27 June 2019
Manchester: India skipper Virat Kohli added another feather to his cap as he became the fastest batsman to score 20,000 international runs when he reached 37 against the West Indies during their World Cup tie at the Old Trafford on Thursday. He also registered 9,000 runs batting at the number three spot.
Kohli had started the game on 19, 963 runs to his name and was just 37 runs short of the record that legendary Indian batsman Sachin Tendulkar held along with West Indies great Brian Lara.
The India skipper reached the 20,000-international run milestone in 416 innings (131 in Tests, 223 in ODIs and 62 in T20Is). Tendulkar and Lara, both had reached the milestone in 453 innings, followed by former Australian skipper Ricky Ponting who scored 20,000 runs in 468 innings.
He became the 12th batsman to this landmark and the third Indian after Tendulkar (34,357 runs) and Rahul Dravid (24,208 runs). The 30-year-old run-machine has been in great form in the ongoing tournament. After getting out cheaply against South Africa in the World Cup opener, Kohli scored 82 runs against Australia, 77 against Pakistan and 67 against Afghanistan.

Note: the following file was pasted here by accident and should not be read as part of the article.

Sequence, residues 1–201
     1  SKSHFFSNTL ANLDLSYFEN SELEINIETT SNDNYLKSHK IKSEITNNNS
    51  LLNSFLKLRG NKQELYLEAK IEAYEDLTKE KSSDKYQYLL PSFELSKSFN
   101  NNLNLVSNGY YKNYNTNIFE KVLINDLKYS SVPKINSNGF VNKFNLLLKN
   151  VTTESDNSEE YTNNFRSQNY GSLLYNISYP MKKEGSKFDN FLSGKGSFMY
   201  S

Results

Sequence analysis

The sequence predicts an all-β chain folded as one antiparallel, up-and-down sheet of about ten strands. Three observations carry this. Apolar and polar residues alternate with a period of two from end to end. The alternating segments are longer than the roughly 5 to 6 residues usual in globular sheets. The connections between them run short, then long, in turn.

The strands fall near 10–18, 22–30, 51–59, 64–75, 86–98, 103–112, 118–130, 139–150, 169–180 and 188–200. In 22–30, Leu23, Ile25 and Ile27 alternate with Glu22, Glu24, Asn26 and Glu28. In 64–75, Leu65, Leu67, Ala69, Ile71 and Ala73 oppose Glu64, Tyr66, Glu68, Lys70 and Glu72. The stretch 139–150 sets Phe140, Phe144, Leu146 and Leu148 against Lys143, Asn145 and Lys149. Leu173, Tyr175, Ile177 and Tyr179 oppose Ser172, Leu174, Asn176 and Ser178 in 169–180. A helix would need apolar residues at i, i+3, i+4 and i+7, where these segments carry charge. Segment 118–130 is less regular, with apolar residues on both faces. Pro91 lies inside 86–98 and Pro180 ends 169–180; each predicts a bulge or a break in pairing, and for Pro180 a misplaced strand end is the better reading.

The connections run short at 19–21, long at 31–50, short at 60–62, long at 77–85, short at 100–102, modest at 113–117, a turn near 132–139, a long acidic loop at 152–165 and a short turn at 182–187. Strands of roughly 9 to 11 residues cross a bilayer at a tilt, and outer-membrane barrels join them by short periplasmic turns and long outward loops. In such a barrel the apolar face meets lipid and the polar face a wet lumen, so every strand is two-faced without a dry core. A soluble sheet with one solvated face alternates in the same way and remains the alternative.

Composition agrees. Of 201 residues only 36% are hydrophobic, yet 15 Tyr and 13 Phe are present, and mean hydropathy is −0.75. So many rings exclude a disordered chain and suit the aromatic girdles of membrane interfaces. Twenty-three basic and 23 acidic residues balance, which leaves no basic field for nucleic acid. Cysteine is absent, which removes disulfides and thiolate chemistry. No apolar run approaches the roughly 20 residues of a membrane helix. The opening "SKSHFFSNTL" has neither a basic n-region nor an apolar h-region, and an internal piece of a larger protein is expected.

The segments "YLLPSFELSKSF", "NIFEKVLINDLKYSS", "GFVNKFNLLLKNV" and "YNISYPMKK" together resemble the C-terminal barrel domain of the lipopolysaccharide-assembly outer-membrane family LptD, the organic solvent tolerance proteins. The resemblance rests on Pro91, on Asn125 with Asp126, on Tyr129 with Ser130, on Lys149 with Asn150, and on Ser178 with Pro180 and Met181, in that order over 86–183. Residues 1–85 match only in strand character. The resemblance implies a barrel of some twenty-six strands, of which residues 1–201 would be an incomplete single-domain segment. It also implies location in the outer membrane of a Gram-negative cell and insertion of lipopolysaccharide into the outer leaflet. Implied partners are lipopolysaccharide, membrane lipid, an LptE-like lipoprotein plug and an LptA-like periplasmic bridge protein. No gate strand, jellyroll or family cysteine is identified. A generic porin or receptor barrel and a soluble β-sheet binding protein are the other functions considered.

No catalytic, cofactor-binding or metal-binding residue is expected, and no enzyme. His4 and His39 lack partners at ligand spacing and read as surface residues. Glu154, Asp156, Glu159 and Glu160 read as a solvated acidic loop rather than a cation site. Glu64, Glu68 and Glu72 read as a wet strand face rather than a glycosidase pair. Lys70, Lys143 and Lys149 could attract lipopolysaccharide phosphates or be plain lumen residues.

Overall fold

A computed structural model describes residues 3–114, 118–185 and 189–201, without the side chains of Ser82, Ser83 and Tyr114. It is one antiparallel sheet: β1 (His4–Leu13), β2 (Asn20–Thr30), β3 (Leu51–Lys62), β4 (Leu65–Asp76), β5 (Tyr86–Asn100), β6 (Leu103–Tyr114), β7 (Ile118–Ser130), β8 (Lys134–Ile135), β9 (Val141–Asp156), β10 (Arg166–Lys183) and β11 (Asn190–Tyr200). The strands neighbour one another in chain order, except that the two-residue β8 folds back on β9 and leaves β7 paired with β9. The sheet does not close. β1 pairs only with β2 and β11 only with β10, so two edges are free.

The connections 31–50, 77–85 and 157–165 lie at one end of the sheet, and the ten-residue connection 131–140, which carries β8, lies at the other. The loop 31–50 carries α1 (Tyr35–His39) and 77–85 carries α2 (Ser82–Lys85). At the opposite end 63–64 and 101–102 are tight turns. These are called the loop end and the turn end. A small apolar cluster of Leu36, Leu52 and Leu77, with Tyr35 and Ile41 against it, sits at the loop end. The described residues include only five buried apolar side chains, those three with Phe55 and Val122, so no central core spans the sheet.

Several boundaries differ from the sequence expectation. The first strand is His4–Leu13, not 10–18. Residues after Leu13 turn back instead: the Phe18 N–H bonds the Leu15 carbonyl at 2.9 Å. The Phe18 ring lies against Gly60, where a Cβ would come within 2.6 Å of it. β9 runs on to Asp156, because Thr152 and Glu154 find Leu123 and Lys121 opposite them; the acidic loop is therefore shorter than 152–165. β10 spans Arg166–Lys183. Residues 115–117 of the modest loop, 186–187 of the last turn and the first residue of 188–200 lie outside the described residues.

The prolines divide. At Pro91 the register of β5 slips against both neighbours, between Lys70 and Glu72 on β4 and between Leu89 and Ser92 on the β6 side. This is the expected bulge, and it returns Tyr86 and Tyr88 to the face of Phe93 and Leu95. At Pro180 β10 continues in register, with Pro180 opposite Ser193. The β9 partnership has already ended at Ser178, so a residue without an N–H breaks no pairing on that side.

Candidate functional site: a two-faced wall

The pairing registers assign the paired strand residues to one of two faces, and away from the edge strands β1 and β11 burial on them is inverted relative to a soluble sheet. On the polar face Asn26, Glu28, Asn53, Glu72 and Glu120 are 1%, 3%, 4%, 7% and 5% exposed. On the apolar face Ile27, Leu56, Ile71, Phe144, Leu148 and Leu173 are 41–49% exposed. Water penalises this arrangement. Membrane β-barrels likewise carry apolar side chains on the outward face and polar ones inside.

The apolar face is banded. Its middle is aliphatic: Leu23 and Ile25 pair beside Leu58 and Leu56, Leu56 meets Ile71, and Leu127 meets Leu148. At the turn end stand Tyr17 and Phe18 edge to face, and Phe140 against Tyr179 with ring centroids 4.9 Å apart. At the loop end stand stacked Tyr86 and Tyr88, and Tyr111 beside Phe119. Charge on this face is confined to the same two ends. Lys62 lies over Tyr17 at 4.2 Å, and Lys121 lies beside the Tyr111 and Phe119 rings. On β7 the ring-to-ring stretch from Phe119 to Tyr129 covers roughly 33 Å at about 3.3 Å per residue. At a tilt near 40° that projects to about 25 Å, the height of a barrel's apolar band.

Interestingly, during the innings against Pakistan at Old Trafford on June 16, Kohli also became the fastest batsman to score 11,000 ODI runs.
Before the World Cup, Kohli was not at his usual best in the Indian Premier League. While he did score 328 runs in the 14 matches for the Royal Challengers Bangalore (RCB), it was not the kind of performance which one associates with India's 'run machine'.
However, in the World Cup, Kohli is looking a lot more comfortable, be it while facing the quicks or the spinners. If one does an analysis of his performance in the four innings he has played so far, ahead of the Windies knock, one will find that the batsman has concentrated on playing in the 'V' and has resisted from playing cross batted shots.
This approach can be seen as an attempt to tackle the swing on offer in English conditions to the pacers and also to adjust with the variable bounce which has been seen on many wickets on which India have played.